A few weeks after receiving a $600,000 grant for a new water tank, the city of Ringgold has now retained an engineer for the proposed $1.5 million project that will ensure the city's water needs for the future.

In October, City Manager Dan Wright revealed that the city had received a $600,000 Appalachian Regional Commission (ARC) grant after applying for half that amount earlier in the year.

Wright and City Council members took part in a "big check" presentation with the Georgia Department of Community Affairs and the ARC in early December, which kicked off the official planning of the project.

On Monday night, Dec. 11, the council unanimously approved contracting Rindt-McDuff and Associates engineering firm to handle the grant administration, preliminary and final design and bidding and construction management for the project.

"Richard Akin of Rindt-McDuff was good enough to work with us through all the paperwork in applying for the grant and putting that package together," Wright explained. "Now we're to the point where we realize we have a $1.5 million water tank that we're trying to build in the industrial park area. The next phase would be to meet all the requirements to get the monies approved. The next step would be to retain Rindt-McDuff and Associates as the engineer to do the design on the particular project and help with some of the project management as well."

Akin says the remaining portion of the needed funding could come from the Georgia Environmental Finance Authority (GEFA), which specializes in low-interest infrastructure financing for municipalities.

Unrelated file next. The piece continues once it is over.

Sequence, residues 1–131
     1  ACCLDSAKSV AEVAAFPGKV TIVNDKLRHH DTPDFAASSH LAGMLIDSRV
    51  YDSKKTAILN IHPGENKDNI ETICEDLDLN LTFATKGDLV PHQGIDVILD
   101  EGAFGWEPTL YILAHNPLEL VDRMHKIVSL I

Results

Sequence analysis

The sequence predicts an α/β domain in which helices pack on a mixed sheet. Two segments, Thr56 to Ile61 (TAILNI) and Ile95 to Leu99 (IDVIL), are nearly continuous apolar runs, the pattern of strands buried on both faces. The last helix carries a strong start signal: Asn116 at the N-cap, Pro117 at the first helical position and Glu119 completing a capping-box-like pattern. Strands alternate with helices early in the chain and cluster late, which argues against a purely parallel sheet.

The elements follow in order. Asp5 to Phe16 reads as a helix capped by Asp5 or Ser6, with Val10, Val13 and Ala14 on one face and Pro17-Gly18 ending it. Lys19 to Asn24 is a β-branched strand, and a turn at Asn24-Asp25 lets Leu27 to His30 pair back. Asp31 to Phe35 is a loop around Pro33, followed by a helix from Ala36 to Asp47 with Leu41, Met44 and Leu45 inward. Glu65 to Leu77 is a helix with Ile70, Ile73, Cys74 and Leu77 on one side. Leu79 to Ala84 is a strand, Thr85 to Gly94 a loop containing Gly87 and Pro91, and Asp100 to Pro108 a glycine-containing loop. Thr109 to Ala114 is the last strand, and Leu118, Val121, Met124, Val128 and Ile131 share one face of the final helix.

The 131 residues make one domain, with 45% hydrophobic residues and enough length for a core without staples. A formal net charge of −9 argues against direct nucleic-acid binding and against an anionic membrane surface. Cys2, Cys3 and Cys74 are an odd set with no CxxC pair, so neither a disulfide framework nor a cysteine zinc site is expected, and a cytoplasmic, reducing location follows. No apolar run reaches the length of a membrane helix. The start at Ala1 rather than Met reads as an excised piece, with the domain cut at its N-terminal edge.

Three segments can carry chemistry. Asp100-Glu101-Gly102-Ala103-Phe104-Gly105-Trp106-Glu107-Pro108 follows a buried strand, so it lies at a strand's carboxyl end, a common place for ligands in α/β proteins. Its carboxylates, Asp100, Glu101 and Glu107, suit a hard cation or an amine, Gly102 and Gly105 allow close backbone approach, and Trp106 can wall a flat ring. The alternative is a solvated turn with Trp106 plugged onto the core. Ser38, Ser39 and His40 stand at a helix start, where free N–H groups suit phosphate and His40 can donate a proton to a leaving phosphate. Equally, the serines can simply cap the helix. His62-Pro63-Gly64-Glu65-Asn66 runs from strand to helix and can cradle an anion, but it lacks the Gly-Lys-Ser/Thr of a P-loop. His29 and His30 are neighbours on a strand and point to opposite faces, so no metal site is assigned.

"We worked with the city on this grant, and a lot of folks put in a lot of hard work," Akin said. "We will be applying to the GEFA for low-interest money that has principal forgiveness. Hopefully the city will qualify for that forgiveness. They (GEFA) have 1.39-percent interest rates."

When the city received the ARC Grant, Wright explained that the new tank would be a way of storing more water for times when unforeseen circumstances arise.

"The main emphasis in building that water tank is going to be able to provide additional fire protection for our manufacturers," Wright said. "That was the whole purpose...it'll allow us to have more storage in the air in case we happen to lose power, or in case there is some type of issue where we have to take the water plant out of service until we get the well built."

Adam Cook is a general assignment reporter and covers the Walker-Catoosa County area. He has been a reporter since 2009. He can be reached at The Catoosa County News office at 706-935-2621 and by email at acook@npco.com.